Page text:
1150 CE - The Khmer established the frontier outpost of Sukhothai Ca 1150 CE. [Reference: Wyatt, David K. (2003) - Thailand, A short history (2nd Ed.) - Silkworm Books - page 43]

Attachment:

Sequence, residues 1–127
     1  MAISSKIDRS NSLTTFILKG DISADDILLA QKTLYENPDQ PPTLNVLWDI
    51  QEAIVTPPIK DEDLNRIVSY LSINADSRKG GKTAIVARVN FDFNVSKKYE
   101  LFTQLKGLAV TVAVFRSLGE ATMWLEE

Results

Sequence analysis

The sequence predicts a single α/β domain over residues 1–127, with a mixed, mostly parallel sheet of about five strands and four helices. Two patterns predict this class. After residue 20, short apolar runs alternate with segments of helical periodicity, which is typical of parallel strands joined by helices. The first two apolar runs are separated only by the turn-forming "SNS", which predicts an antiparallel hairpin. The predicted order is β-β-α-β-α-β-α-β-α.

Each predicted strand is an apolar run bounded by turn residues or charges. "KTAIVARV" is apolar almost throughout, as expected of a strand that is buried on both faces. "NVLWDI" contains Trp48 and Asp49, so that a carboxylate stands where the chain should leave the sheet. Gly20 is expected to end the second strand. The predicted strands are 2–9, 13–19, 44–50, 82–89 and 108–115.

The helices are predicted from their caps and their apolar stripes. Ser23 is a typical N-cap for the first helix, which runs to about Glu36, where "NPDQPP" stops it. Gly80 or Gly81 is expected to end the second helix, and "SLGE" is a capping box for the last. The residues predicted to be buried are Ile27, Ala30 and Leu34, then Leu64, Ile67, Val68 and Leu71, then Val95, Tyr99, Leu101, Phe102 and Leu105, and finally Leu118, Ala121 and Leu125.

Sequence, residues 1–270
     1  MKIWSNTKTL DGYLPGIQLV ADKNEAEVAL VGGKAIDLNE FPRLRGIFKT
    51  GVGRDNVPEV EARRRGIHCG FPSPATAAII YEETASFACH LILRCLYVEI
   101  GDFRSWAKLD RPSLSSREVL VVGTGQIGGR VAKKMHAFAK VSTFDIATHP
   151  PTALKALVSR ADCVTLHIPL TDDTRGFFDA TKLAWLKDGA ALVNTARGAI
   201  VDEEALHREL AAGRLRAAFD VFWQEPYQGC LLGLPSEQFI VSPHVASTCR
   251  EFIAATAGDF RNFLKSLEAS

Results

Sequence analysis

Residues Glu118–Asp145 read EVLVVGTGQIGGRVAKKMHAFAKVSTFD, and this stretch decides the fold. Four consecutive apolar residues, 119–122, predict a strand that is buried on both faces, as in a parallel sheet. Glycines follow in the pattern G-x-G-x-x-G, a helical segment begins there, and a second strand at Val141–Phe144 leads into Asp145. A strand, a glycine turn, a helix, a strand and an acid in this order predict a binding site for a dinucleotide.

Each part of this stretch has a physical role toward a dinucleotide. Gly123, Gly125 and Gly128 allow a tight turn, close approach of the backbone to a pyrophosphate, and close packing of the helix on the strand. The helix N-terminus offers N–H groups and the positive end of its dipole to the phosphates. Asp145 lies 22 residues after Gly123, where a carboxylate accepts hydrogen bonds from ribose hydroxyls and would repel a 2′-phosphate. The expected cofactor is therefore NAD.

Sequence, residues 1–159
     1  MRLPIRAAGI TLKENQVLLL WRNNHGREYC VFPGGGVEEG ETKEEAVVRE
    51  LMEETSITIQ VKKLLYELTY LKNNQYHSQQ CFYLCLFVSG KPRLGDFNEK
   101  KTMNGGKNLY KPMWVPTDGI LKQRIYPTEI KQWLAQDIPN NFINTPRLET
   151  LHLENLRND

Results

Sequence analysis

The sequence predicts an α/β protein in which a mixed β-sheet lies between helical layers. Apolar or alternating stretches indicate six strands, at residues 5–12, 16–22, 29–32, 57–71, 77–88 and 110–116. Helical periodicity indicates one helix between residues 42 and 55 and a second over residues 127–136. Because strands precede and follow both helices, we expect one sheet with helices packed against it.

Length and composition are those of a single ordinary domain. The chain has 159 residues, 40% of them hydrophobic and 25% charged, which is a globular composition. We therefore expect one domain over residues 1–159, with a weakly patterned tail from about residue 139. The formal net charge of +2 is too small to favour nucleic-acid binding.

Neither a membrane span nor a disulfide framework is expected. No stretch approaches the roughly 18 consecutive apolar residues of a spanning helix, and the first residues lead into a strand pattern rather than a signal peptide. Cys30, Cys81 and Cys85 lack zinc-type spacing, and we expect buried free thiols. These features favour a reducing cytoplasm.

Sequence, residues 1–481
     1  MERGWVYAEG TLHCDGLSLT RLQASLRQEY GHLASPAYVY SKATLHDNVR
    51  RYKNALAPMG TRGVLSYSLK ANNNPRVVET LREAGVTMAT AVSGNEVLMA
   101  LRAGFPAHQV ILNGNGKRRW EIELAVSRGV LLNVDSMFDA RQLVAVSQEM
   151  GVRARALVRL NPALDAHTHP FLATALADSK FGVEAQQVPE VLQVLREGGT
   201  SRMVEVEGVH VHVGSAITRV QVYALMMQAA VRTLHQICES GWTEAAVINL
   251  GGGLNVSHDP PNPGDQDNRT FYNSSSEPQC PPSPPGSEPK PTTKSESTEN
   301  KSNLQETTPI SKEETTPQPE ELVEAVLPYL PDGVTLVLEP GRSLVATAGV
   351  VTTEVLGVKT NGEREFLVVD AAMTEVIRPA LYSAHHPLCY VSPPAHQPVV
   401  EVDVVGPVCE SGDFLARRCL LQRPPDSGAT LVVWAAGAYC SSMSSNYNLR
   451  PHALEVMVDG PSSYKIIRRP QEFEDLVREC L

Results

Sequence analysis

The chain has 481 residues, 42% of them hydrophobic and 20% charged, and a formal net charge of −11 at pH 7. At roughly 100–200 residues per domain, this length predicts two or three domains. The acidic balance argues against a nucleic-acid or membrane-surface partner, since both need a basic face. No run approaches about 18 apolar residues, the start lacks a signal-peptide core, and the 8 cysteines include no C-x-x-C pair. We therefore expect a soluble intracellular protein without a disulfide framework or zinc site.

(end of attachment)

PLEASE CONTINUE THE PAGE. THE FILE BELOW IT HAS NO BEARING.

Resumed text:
Situated adjacent to a reservoir named Tra Kuan in the west and the town gate in the north, this ancient monument was known as Theparak Yai Shrine and Ta Pha Daeng Shrine. The oldest surviving Khmer building at Sukhothai, this single sanctuary tower stands on an exceptionally high base adorned with lotus moulding, which gives it imposing proportions, despite not being particularly large. It was built entirely in laterite, although the superstructure has long since collapsed. There are no traces of the original stucco moulding on the building. Projecting chambers were constructed on the east and west sides of the shrine, with the eastern room longer than the western one. During the excavation of the Ta Pha Daeng Shrine undertaken by the Fine Arts Department, the torsos of five life-size statues were uncovered here. They led Boisselier to date San Ta Pha Daeng to the Angkor Wat period during the reign of Suriyavarman II (1113 - 1150 CE). Still, the fragments and the site are generally regarded as from the Bayon period (13th century CE). The objects are exhibited in the Ramkhamhaeng National Museum.